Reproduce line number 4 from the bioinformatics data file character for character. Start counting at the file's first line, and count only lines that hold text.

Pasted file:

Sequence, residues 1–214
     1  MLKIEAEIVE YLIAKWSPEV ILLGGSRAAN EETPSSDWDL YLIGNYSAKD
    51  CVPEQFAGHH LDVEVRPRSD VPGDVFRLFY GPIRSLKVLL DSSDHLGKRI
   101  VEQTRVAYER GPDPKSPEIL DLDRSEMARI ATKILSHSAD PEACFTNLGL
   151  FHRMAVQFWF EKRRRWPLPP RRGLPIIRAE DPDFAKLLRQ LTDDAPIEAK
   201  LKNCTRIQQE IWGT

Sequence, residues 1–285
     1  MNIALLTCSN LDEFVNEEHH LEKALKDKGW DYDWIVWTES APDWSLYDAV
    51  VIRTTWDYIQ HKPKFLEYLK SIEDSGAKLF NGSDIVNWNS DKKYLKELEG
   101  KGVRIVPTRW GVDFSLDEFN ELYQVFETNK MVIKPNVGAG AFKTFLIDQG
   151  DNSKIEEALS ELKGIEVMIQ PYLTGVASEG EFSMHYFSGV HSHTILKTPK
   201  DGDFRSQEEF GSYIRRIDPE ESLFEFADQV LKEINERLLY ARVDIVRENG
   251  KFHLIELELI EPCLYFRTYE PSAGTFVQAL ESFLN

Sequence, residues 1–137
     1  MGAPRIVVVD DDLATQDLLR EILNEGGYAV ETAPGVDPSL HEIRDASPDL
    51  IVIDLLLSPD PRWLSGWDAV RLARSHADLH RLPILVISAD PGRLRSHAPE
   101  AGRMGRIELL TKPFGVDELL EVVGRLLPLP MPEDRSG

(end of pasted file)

   101  VEQTRVAYER GPDPKSPEIL DLDRSEMARI ATKILSHSAD PEACFTNLGL